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Liquidity Shortages and Banking Crises

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  • Douglas W. Diamond
  • Raghuram G. Rajan

Abstract

Banks can fail either because they are insolvent or because an aggregate shortage of liquidity can render them insolvent. We show that bank failures can themselves cause liquidity shortages. The failure of some banks can then lead to a cascade of failures and a possible total meltdown of the system. Contagion here is not caused by contractual or informational links between banks but because bank failure could lead to a contraction in the common pool of liquidity. There is a possible role for government intervention. Unfortunately, liquidity problems and solvency problems interact, and can each cause the other. It is therefore hard to determine the root cause of a crisis from observable factors. The practical difficulty of determining the most appropriate intervention, as well as the costs of the wrong kind of intervention (such as infusing capital when the need is for liquidity) have to be traded off against the costs of a meltdown, which can be substantial. We propose a robust sequence of intervention.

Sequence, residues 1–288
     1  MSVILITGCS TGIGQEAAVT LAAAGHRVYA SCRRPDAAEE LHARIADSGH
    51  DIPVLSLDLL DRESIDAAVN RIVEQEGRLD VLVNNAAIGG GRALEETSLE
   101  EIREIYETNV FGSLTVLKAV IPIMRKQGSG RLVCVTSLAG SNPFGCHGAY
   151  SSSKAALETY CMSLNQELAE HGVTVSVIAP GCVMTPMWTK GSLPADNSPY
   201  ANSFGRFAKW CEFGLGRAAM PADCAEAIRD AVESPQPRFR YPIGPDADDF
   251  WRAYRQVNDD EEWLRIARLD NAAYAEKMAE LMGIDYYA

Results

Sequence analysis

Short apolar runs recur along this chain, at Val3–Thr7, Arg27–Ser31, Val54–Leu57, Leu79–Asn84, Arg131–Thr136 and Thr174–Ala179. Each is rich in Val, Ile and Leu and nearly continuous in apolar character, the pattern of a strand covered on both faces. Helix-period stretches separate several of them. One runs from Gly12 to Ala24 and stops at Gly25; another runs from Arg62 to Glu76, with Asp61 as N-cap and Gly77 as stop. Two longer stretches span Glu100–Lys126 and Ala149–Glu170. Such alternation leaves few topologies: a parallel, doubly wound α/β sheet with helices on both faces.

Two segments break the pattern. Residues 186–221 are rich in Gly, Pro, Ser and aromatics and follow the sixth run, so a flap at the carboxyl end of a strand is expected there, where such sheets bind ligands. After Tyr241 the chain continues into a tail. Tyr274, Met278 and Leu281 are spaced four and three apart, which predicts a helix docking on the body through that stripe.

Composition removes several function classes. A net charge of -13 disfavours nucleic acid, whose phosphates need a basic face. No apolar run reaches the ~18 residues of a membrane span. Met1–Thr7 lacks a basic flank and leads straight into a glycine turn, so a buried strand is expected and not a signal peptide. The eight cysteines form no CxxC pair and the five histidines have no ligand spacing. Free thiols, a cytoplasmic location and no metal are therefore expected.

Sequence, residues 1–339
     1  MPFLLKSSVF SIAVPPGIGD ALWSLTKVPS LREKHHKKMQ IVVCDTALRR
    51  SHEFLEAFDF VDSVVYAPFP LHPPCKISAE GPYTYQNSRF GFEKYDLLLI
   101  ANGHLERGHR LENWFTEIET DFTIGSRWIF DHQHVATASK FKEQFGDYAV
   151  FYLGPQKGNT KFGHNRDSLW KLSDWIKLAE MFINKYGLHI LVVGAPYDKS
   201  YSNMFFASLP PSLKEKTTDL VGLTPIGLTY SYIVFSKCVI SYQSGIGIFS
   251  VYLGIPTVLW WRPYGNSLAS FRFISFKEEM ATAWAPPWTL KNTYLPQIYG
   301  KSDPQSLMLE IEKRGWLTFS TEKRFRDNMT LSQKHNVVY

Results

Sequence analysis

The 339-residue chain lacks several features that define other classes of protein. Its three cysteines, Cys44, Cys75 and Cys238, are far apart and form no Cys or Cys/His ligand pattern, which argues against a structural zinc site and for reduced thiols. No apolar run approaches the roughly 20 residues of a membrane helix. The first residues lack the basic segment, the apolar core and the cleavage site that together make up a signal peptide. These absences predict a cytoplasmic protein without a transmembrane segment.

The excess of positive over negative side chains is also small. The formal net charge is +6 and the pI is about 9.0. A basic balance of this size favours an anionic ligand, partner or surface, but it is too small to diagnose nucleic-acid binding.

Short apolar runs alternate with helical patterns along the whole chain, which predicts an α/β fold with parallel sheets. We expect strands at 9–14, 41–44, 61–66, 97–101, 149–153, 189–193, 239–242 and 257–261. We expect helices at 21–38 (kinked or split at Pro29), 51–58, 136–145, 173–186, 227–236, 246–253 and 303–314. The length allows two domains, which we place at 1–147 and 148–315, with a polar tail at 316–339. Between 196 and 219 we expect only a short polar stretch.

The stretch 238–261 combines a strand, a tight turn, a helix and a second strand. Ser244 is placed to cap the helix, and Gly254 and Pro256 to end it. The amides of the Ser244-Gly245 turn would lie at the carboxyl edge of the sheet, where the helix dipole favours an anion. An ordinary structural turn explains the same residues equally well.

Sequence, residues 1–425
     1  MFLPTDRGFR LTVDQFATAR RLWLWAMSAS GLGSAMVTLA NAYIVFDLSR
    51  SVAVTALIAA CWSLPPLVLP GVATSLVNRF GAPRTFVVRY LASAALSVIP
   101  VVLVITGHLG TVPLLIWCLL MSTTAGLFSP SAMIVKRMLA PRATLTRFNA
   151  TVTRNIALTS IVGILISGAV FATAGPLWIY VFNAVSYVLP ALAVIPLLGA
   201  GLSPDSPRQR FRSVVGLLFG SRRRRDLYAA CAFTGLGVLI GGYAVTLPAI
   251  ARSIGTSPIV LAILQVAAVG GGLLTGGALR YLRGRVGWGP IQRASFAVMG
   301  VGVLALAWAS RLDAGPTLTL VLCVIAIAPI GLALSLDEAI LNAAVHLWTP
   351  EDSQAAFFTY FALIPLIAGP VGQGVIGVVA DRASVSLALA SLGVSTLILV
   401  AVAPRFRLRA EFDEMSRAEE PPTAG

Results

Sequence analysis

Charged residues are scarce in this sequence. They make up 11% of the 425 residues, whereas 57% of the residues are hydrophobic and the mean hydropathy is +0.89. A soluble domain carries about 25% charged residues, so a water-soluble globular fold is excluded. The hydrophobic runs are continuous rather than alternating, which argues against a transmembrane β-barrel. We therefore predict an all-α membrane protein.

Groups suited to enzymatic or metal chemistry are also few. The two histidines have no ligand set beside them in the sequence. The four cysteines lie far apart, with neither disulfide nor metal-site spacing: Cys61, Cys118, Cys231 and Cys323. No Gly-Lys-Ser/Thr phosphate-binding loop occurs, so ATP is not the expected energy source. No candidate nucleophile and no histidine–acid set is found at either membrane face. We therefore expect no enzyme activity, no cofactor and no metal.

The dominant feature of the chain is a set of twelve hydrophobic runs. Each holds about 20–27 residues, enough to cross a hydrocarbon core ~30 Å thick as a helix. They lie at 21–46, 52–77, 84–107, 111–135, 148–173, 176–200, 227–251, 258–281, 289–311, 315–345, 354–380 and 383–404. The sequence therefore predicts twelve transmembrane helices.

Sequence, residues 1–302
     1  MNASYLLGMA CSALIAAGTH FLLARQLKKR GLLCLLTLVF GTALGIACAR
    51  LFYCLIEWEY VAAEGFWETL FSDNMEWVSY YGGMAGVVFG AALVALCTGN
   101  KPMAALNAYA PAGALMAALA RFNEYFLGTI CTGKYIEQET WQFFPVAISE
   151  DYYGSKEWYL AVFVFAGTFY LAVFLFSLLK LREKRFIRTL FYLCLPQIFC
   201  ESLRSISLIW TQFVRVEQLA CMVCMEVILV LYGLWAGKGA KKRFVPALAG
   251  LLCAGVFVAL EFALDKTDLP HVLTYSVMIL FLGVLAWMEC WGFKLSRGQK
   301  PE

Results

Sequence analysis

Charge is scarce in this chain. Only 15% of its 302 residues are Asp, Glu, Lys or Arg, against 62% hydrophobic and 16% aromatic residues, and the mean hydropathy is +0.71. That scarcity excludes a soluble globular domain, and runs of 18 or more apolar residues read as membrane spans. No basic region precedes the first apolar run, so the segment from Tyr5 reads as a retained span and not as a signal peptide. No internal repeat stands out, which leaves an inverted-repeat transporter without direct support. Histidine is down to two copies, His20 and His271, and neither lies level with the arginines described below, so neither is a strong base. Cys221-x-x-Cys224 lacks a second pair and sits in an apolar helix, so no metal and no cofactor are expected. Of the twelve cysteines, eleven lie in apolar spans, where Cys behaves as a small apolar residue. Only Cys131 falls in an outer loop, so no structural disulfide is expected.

Suggested Citation

  • Douglas W. Diamond & Raghuram G. Rajan, 2002. "Liquidity Shortages and Banking Crises," NBER Working Papers 8937, National Bureau of Economic Research, Inc.
  • Handle: RePEc:nbr:nberwo:8937
    Note: CF EFG IFM ME
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    References listed on IDEAS

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    JEL classification:

    • G2 - Financial Economics - - Financial Institutions and Services
    • E5 - Macroeconomics and Monetary Economics - - Monetary Policy, Central Banking, and the Supply of Money and Credit

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